Implanted devices such as pacemakers have traditionally relied on battery power to function, requiring surgery every time the battery is to be replaced. Now a joint US/Chinese team have developed a device able to generate enough power to potentially keep such devices powered indefinitely, using a
Just heard on Fox Business News that Dodd-Frank & new consumer protection agency was supposed to limit big banks but after the laws were written, they harm small banks instead, while protecting big banks. No duh. That’s been the pattern for several decades now. Who writes the laws? Who are the…
Just heard on Fox Business News that Dodd-Frank & new consumer protection agency was supposed to limit big banks but after the laws were written, they harm small banks instead, while protecting big banks. No duh. That’s been the pattern for several decades now. Who writes the laws? Who are the staffers? Who runs the agencies? That’s right, corporate/big business types. They write/implement laws to drive out their competition, esp small business. Who did they support last election? Obama. We must down size big business as much as we do big gov.
Who wants a self driving car? Researchers at J.D. Power and Associates conducted a study to find out who would be willing to buy a car with such futuristic features, and the reaction was certainly not unanimous. In this video, Adam F…
As we noted last week, the UK government is toying around with the idea of introducing laws that would open up email and social networks to more surveillance, in an effort that is claimed to be counter-terroristic. The proposed bills will…
We’ve all seen the movies: Gadget-laden heroes from James Bond to Terminator to Iron Man have long relied on voice-controlled watches and heads-up display glasses to extend their powers. Now, those gadgets are a reality, albeit a niche o…
Good rundown by Nilay Patel of the Department of Justice’s antitrust complaint against Apple and seven of the major book publishers.
The high-level idea, that the publishers wanted to move to the agency model (where they could set prices that retailers charge for their books) and that Apple was willing to give them this model shouldn’t be surprising. The question is if they colluded to do this — and Apple’s supposed “most favored nation” clause certainly doesn’t look good.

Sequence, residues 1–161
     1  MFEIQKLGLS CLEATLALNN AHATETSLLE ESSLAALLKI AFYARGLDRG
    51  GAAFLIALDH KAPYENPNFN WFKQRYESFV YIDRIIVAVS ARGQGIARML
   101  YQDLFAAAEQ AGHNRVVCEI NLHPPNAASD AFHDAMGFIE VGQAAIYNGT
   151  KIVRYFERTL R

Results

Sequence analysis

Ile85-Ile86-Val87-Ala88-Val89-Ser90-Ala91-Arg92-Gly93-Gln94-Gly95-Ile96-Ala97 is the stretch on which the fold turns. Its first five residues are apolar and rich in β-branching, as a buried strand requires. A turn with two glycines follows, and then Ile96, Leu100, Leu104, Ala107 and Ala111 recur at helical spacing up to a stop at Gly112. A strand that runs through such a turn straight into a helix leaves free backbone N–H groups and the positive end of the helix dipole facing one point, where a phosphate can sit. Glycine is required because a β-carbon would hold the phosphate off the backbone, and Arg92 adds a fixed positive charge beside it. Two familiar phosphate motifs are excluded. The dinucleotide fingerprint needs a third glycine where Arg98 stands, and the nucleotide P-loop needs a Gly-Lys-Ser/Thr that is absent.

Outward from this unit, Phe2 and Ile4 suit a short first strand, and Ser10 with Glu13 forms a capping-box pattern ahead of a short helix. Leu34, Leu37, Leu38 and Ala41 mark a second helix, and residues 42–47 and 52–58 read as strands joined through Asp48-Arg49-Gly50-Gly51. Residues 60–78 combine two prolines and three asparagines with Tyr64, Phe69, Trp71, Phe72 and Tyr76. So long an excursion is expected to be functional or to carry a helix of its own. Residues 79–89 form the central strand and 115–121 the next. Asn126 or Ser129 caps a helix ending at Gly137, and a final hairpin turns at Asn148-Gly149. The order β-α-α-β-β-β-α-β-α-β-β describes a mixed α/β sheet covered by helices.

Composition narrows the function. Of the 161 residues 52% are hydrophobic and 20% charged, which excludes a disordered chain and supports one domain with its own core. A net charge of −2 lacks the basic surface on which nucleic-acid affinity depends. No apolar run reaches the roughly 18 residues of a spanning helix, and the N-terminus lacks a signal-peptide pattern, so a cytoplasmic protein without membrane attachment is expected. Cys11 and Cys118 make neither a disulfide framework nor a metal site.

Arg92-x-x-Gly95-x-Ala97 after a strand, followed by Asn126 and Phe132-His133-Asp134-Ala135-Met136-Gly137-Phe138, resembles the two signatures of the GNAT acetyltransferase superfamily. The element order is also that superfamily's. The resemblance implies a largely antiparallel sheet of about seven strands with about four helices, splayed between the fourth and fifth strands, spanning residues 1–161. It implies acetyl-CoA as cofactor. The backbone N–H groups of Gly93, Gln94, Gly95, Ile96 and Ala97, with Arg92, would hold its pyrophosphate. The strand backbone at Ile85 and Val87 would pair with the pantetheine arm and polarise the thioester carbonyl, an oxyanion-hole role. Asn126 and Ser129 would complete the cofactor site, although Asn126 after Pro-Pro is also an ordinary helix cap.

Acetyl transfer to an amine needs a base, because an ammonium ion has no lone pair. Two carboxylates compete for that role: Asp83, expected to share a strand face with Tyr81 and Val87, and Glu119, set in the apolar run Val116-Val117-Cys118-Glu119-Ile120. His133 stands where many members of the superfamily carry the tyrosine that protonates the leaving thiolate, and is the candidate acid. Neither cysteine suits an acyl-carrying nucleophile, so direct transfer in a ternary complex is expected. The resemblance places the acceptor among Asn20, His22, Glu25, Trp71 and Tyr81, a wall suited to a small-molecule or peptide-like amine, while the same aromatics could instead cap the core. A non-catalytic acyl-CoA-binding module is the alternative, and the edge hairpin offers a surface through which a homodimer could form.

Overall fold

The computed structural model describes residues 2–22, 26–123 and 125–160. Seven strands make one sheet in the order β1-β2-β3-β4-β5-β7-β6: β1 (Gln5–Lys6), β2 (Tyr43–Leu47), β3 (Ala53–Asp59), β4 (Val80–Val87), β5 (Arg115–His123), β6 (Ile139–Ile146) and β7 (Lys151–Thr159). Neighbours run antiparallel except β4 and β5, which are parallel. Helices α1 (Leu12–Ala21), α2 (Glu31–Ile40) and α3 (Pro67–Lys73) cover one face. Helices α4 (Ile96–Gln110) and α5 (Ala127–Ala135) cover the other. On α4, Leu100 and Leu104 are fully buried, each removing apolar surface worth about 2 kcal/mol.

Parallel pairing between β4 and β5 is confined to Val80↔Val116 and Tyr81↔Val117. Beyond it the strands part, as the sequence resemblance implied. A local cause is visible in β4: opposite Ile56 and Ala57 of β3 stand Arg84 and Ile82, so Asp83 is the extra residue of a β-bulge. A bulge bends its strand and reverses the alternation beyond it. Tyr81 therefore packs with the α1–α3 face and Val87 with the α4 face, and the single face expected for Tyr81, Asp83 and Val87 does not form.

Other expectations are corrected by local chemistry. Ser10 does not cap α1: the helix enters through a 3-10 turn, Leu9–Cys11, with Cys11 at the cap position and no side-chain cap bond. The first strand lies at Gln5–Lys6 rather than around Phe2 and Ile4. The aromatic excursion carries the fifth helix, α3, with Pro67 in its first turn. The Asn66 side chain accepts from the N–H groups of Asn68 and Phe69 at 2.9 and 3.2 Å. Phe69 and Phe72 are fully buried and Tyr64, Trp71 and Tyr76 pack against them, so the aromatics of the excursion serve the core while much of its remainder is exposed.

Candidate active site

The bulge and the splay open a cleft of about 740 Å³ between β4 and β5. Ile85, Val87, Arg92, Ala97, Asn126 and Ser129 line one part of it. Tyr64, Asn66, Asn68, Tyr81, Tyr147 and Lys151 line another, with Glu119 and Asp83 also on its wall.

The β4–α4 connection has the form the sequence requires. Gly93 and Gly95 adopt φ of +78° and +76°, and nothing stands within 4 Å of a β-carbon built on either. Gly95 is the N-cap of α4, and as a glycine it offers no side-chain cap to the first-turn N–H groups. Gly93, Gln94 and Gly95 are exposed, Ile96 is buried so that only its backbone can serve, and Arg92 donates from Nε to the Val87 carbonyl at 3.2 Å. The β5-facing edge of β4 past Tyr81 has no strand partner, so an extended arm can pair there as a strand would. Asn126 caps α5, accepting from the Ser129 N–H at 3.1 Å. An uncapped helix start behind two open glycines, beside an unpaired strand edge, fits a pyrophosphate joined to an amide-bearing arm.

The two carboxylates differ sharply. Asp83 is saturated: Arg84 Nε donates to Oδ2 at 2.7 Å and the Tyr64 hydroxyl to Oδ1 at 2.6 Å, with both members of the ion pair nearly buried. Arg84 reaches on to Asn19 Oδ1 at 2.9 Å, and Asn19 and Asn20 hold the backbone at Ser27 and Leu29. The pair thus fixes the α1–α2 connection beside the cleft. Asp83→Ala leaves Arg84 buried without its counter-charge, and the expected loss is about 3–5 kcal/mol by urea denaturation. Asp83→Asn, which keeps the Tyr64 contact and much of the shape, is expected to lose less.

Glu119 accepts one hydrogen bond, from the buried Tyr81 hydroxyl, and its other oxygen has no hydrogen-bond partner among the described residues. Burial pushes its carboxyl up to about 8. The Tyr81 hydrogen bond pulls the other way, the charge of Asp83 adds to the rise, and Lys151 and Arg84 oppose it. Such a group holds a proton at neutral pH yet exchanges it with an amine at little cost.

This case is actually pretty fascinating because had Apple not accepted the agency model to gain some traction in e-books, we’d probably be hearing the publishers complaining to the DoJ that Amazon was using their monopoly in e-books to destroy their businesses.
Instead, Amazon (seemingly) got screwed and was forced accept the agency model as well. The DoJ doesn’t care about that as much as they care about what that means for consumers — higher prices.
Also interesting is that a bunch of the publishers settled right away to get out of this mess. But as Macmillan CEO John Sargent clearly implies in his open letter, that doesn’t necessarily mean that anyone was doing anything wrong, just that the other publishers did not want to bogged down in legal proceedings for months (or years) and pay all the fees associated with fighting the government.
Macmillan will fight this. As will Apple. And a few others.
Amazon is obviously thrilled about all of this. They want to go back to $9.99 e-books.
I’d love that too — all consumers would. But the issue is really the publishers versus Amazon here. They’re (probably rightfully) worried that if Amazon can go back to completely owning the market, there will be no stopping them from say, replacing the publishers outright one day (which they’re already trying to do).
This really seems to be a two-headed coin. Both sides potentially point to antitrust concerns. It’s about figuring out the lesser of two evils. And depending on your vantage point, that changes.
Though that obviously doesn’t excuse collusion, if it happened.